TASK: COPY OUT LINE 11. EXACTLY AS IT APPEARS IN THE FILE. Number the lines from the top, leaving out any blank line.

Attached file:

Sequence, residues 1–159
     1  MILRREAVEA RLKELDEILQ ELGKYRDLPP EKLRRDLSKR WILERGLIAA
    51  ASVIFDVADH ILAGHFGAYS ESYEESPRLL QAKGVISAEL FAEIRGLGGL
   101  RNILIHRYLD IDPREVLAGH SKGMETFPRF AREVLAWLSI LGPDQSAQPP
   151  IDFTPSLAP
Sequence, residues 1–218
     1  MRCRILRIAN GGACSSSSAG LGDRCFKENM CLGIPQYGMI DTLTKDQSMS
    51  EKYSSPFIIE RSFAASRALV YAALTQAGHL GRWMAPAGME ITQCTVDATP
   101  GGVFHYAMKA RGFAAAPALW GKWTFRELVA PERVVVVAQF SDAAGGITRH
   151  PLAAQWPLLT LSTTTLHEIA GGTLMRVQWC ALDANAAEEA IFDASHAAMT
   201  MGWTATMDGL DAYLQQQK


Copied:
   201  MGWTATMDGL DAYLQQQK